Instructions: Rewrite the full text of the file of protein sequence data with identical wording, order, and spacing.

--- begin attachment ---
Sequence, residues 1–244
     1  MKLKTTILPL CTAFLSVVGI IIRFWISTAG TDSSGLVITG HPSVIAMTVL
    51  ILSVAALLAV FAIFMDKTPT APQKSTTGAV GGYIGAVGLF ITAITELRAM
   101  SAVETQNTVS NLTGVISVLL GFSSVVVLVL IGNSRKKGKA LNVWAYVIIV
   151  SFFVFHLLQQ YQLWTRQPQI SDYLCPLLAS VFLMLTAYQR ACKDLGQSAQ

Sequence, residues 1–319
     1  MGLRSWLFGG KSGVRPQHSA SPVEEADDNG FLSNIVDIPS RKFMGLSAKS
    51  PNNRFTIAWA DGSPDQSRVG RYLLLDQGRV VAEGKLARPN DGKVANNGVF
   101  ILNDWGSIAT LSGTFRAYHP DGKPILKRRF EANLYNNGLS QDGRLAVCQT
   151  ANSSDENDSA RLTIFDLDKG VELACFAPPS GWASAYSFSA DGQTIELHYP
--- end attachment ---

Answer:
Sequence, residues 1–244
     1  MKLKTTILPL CTAFLSVVGI IIRFWISTAG TDSSGLVITG HPSVIAMTVL
    51  ILSVAALLAV FAIFMDKTPT APQKSTTGAV GGYIGAVGLF ITAITELRAM
   101  SAVETQNTVS NLTGVISVLL GFSSVVVLVL IGNSRKKGKA LNVWAYVIIV
   151  SFFVFHLLQQ YQLWTRQPQI SDYLCPLLAS VFLMLTAYQR ACKDLGQSAQ

Sequence, residues 1–319
     1  MGLRSWLFGG KSGVRPQHSA SPVEEADDNG FLSNIVDIPS RKFMGLSAKS
    51  PNNRFTIAWA DGSPDQSRVG RYLLLDQGRV VAEGKLARPN DGKVANNGVF
   101  ILNDWGSIAT LSGTFRAYHP DGKPILKRRF EANLYNNGLS QDGRLAVCQT
   151  ANSSDENDSA RLTIFDLDKG VELACFAPPS GWASAYSFSA DGQTIELHYP